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HTTP vs HTTPS: Pros and Cons


Tanveer Sayem / 2022-10-18

5 min read

HTTP vs HTTPS is a common interview question. It is also very important to know if you own your website and if you want the best SEO and Security for your site.

What is HTTP?

HTTP stands for Hypertext Transfer Protocol. It is the protocol that enables communication between systems, transferring information and data over a network. HTTP is the foundation of the World Wide Web and is an application layer protocol designed to transfer information between networked devices and runs on top of other layers of the network protocol stack. A typical flow over the HTTP involves a client machine making a request to a server, which then sends a response message.

What is an HTTP request?

An HTTP request is initiated by the client usually the Web browser. A complete document is reconstructed from the different sub-documents fetched, for instance, text, layout, description, images, videos, scripts, and more.

What’s in an HTTP request?

Each HTTP request made across the Internet carries with it a series of encoded data that carries different types of information. A typical HTTP request contains:
1. HTTP version type : 2. a URL 3. an HTTP method 4. HTTP request headers 5. Optional HTTP body

What’s an HTTP method?

An HTTP method indicates the action that the HTTP request expects from the queried server. Common HTTP methods are GET, POST, PUT and DELETE.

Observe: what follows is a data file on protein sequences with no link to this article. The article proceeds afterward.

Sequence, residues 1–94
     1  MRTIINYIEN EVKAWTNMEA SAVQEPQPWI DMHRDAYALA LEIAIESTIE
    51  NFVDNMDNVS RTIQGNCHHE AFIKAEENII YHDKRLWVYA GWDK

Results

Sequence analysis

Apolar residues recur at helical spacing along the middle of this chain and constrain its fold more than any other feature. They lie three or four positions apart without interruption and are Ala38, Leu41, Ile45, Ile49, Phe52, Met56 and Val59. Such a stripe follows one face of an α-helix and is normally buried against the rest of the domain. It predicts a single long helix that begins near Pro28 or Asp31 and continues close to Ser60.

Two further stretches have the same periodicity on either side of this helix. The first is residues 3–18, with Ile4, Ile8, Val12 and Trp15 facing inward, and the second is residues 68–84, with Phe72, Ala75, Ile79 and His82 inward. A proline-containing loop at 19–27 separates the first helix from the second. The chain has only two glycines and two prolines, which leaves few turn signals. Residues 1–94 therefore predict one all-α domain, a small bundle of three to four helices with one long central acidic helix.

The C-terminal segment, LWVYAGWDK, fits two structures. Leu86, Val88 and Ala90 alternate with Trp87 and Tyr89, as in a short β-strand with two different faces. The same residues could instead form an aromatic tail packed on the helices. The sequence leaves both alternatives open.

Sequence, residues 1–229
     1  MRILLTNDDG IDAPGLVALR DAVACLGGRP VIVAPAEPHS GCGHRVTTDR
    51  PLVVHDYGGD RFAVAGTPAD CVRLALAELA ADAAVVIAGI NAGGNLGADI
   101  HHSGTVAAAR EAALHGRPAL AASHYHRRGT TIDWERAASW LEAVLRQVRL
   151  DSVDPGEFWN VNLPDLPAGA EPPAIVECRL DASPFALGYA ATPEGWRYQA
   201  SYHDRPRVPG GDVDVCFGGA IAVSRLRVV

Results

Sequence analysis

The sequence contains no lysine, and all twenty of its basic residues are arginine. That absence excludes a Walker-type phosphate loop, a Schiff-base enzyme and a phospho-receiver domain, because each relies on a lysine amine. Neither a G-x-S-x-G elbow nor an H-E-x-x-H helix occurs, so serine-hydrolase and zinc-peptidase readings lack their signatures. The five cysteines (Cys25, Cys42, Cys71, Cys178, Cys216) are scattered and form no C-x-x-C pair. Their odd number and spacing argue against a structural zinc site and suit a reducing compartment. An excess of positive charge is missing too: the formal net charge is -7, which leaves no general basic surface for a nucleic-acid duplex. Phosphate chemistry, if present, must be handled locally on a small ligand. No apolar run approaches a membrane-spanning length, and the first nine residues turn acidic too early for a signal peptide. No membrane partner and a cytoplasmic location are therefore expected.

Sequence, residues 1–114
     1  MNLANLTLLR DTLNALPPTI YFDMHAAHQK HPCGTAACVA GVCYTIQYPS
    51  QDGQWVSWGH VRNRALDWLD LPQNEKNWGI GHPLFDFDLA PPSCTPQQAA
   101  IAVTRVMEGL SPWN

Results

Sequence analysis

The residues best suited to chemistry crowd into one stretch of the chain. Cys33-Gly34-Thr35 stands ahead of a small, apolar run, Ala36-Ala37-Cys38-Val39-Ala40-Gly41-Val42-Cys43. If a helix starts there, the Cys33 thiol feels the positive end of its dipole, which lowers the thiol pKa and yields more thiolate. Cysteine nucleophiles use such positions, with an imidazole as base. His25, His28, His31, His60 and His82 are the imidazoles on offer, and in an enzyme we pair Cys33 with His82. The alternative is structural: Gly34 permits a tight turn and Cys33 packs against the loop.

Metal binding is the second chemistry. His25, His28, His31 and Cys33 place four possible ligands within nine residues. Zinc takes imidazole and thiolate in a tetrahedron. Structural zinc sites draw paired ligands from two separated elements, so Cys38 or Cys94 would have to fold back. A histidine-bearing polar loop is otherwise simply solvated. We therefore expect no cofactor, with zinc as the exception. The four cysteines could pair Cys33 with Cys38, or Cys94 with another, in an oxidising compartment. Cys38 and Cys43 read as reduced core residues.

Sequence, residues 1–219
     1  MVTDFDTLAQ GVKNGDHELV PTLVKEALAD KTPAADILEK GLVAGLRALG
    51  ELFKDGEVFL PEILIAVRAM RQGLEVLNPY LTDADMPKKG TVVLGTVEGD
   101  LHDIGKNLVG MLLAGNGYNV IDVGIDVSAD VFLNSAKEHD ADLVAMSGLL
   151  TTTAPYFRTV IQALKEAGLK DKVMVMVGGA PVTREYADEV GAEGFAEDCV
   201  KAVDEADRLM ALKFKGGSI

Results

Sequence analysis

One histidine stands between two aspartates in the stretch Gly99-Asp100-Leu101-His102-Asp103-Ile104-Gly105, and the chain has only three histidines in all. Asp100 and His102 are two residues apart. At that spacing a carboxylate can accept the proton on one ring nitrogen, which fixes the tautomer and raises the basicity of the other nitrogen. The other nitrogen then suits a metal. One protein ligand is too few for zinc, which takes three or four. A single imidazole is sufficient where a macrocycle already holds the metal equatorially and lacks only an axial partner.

A Get request expects information back in return for example an HTML site, whereas the POST request means the user is trying to submit information to the server for example submitting the username and password to get authenticated.
If you click on my affiliates links and shop(anything, not just books), I am going to receive a tiny commission. AND… Most of the time, you will receive an offer. Win/Win! The products that I have are the ones I believe in.

What are HTTP request headers?

HTTP headers are key-value pairs that are included in every HTTP request and response. These headers communicate vital information, such as what browser the client is using, and what data is being requested.
Request Headers
accept: */*
accept-encoding:gzip, deflate, br

What's in an HTTP request body?

The body will consist of the information that is being sent out to the servers for example username and password in a sign-in flow.

What's in an HTTP response?

An HTTP response is what the client receives from the server. A typical HTTP response contains:
  1. an HTTP status code
  2. HTTP response headers
  3. optional HTTP body

What's an HTTP status code?

HTTP status codes are 3-digit codes most often used to indicate whether an HTTP request has been successfully completed. Status codes are broken into 5 blocks: xxx represents numbers from 00 to 99
  1. 1xxx Informational
  2. 2xxx Success
  3. 3xxx Redirection
  4. 4xxx Client Error
  5. 5xxx Server Error
The most common status codes are 200 OK indicating requests was successfully completed, another one is 404 NOT FOUND code when there is a typo in the URL.

What are HTTP response headers?

Much like the HTTP request headers, the response also sets some valuable headers to convey important information.